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> At what age did you start taking an interest in politics?
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vidsanta
post Oct 9 2019, 08:54 AM
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For me, it would be around 1982, when I was 17-ish.

It was around the time of the Falklands War, and Thatcher wasn't too popular beforehand (but winning that war changed all that, unfortunately), and the Lib/SDP alliance was in its infancy.

I was just two months short of being able to vote in the 1983 election, which was very frustrating. sad.gif
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Crazy Chris-tmas
post Oct 9 2019, 10:33 PM
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I'd say in my late teens. Was first interested in the 1979 election when Maggie was elected.

This post has been edited by Common Sense: Oct 10 2019, 08:45 AM
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vidsanta
post Oct 10 2019, 04:58 AM
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QUOTE(Common Sense @ Oct 9 2019, 11:33 PM) *
I'd day in my late teens. Was first interested in the 1979 election when Maggie was elected.


A reply at last! I guess threads don't really attract interest unless they are controversial. wink.gif


This post has been edited by vidcapper: Oct 10 2019, 04:58 AM
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Holly and Izzy
post Oct 10 2019, 05:26 AM
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Okay, aware - 2005 when I was 11 because of that year's general. Interested, 2008 with the American election that year and the crisis, though my instincts weren't developed much beyond Bush bad, Obama good, and Blair/Brown bad because of the Iraq War. Though I really didn't know very much about the alternatives in the UK at that time.

By 2010 I was fully into it, and would have voted in the election had I not been a year and a bit too young to vote - I've voted in every election since. I would have voted Lib Dem in that one due to Clegg's performance in the TV debates, and while I was initially happy to see the back of Labour, a government I'd heard little good about growing up, I quickly realised that there was much worse. Which made me committed in taking an interest now for life.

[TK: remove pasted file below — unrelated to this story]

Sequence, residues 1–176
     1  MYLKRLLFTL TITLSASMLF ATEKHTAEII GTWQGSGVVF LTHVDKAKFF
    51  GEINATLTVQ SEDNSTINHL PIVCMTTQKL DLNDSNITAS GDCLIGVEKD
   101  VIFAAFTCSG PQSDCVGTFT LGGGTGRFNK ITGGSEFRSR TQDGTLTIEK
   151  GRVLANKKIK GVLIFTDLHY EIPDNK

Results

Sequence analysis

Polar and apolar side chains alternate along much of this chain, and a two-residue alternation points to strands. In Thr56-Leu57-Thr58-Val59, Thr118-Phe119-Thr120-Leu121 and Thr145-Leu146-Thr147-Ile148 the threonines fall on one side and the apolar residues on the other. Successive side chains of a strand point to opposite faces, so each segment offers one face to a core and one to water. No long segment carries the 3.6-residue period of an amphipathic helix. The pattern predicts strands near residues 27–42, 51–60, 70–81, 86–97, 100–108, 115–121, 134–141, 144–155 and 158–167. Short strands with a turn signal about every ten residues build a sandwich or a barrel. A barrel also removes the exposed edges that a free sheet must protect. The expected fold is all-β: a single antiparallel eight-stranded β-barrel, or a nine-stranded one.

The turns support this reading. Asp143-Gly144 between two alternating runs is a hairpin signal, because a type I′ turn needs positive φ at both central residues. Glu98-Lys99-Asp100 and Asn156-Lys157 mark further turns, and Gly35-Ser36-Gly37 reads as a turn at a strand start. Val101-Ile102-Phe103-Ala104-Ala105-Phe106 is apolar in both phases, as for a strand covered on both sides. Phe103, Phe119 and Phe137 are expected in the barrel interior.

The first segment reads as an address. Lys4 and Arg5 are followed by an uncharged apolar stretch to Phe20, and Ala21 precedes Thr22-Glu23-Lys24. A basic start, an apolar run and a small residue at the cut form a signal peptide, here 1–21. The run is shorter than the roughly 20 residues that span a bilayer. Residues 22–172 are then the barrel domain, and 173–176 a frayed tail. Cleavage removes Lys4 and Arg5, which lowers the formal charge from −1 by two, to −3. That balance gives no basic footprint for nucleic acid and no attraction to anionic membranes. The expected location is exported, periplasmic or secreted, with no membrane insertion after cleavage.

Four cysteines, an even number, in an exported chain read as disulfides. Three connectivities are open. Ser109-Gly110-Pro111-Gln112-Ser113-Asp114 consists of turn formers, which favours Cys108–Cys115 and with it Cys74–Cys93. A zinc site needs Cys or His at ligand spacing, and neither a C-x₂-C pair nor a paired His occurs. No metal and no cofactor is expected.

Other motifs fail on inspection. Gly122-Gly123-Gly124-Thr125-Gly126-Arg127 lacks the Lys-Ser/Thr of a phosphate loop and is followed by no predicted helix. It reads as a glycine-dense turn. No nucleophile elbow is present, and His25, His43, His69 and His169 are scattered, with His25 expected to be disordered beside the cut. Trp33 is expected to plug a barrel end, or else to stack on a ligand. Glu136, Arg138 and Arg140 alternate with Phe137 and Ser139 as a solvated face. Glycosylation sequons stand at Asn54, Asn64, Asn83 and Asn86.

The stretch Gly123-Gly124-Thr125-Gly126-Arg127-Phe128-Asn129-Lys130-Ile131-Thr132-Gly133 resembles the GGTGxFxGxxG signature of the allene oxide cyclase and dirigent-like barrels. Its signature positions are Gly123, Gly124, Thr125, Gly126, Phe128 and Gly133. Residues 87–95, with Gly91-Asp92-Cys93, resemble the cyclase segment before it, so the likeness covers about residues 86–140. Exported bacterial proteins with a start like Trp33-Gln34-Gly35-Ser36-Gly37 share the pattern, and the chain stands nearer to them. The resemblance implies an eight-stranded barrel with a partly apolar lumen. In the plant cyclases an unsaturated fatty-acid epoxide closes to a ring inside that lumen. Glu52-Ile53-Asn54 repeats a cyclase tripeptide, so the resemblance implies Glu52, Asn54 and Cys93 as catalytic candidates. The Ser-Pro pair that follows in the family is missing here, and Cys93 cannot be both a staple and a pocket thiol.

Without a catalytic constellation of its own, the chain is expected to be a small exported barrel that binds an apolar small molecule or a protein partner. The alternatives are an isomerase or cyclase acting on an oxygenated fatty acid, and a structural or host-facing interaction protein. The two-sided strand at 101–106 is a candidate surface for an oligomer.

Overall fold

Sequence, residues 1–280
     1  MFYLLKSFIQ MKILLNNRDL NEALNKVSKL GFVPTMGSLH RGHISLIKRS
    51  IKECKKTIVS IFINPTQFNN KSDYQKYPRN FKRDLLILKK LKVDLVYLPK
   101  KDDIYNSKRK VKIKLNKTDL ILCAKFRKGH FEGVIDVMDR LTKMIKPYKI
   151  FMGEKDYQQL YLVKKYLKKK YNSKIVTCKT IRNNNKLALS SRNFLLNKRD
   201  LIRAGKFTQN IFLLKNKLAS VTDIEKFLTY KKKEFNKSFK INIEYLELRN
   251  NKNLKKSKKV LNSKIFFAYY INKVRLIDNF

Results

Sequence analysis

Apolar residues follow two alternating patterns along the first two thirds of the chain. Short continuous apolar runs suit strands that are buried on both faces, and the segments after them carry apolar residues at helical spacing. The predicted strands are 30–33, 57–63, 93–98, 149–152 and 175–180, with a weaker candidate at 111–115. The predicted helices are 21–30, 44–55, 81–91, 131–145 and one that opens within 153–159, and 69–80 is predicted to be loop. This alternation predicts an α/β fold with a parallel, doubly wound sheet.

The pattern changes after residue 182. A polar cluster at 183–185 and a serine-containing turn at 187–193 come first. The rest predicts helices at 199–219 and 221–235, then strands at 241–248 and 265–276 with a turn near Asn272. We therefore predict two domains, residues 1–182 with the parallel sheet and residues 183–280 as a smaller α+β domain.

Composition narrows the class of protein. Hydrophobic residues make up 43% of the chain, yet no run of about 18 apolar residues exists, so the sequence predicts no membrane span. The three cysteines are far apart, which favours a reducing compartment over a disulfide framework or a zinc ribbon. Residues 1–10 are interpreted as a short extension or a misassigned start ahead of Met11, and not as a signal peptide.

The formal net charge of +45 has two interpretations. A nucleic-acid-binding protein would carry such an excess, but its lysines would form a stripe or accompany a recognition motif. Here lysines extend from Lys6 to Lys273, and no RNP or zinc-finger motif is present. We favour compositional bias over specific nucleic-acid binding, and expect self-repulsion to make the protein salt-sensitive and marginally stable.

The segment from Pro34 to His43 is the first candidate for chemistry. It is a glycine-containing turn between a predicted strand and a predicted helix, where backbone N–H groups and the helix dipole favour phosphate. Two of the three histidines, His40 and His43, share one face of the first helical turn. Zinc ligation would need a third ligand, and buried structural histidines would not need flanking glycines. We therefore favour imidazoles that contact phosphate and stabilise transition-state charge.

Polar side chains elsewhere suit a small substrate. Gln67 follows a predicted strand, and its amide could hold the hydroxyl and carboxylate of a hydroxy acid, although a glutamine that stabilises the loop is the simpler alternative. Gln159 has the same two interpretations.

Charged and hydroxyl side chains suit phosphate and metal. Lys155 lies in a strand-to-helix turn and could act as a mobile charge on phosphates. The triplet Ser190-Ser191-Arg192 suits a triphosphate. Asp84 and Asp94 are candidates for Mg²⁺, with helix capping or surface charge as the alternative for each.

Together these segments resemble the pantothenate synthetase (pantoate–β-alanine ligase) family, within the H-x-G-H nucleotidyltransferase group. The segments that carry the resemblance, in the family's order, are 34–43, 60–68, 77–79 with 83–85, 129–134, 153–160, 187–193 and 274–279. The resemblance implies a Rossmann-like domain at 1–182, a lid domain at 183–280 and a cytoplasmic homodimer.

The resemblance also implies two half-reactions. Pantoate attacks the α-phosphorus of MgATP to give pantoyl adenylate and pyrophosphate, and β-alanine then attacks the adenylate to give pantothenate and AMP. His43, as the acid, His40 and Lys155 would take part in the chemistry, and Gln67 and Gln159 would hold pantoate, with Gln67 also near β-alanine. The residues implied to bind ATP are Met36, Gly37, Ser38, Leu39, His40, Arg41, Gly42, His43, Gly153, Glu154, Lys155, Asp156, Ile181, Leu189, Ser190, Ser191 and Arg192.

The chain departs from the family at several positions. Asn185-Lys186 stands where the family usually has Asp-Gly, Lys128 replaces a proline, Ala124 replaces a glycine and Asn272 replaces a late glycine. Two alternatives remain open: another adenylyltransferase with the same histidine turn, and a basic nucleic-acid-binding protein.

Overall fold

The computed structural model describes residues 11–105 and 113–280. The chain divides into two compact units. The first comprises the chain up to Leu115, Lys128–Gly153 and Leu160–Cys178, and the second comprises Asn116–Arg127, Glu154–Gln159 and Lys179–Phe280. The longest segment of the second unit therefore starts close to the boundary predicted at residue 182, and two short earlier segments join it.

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December Dong
post Oct 10 2019, 09:43 AM
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QUOTE(Common Sense @ Oct 9 2019, 11:33 PM) *
I'd say in my late teens. Was first interested in the 1979 election when Maggie was elected.



Pfft. You only got interested when the papers started going on about brexshit and trying ro forcefeed us a billionaire's opinions on it.
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vidsanta
post Oct 10 2019, 11:02 AM
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QUOTE(Algernon Monqueef @ Oct 10 2019, 10:43 AM) *
Pfft. You only got interested when the papers started going on about brexshit and trying ro forcefeed us a billionaire's opinions on it.


What bizarre logic!

On that basis, I only 'started getting interested in politics' in Aug'97 when I first got on-line and started posting to uk.politics.misc on Usenet (I still post there, BTW). rolleyes.gif
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Jordan Lee
post Oct 10 2019, 11:19 AM
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Tbh Iím sort of only just starting to take it in now.